“Over the years we’ve been trying to keep as much collaboration as possible going with the Music Department. Now we’re working with visual arts and creative writing,” says Fenley, who notes that Van Tuyl herself launched similar relationships with nationally recognized artists—including choreographer Merce Cunningham, composer John Cage, and photographer Imogen Cunningham—as well as with faculty members such as Professor Arch Lauterer, who was skilled in set and lighting design, and composers Darius Milhaud, Lou Harrison, and Henry Cowell. This summer, Fenley embarks on a project with photographer and Professor of Studio Art Catherine Wagner and is already spearheading an October celebration at the College of renowned Mills composer Pauline Oliveros, one of the leading avant-garde musicians of the 20th century (see sidebar at the bottom).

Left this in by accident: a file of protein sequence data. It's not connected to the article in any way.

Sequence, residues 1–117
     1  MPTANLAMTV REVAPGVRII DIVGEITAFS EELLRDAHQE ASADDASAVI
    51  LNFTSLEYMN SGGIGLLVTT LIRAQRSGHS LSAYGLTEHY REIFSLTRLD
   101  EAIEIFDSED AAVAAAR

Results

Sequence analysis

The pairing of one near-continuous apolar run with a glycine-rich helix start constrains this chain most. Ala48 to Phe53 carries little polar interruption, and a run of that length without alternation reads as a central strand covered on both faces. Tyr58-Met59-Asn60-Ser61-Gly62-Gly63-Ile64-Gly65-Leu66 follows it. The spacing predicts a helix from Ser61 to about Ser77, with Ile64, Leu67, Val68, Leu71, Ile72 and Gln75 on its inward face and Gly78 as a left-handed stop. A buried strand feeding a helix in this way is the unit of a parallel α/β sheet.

Collaboration finds further expression in ongoing partnerships with external arts and education organizations. For example, Patricia Reedy ’80, MA ’00, director of Luna Dance Institute, joins the department every year as an adjunct to teach pedagogy and place Mills dance students in local schools as apprentice teachers. Other alumnae bring their high school students to campus to learn and view performances, while during National Dance Week in April, people from the community are invited to classes in the Mills dance studios. The department has also expanded to include acting classes through a partnership with Berkeley Repertory Theater and has become the home base for a renascent Oakland Ballet. These and other collaborations break down barriers between disciplines, departments, schools, and geographical locations, and encourage Mills dance students to see themselves in fluid relationship with the community. Collaborations are also a locus of invention and sharing and, often, a source of magic and surprise.

Alexandra Michel, Elizabeth Morales, Nataly Morales, Ada Langley, Alana Giannatto-Ortiz, and Ashley Ramirez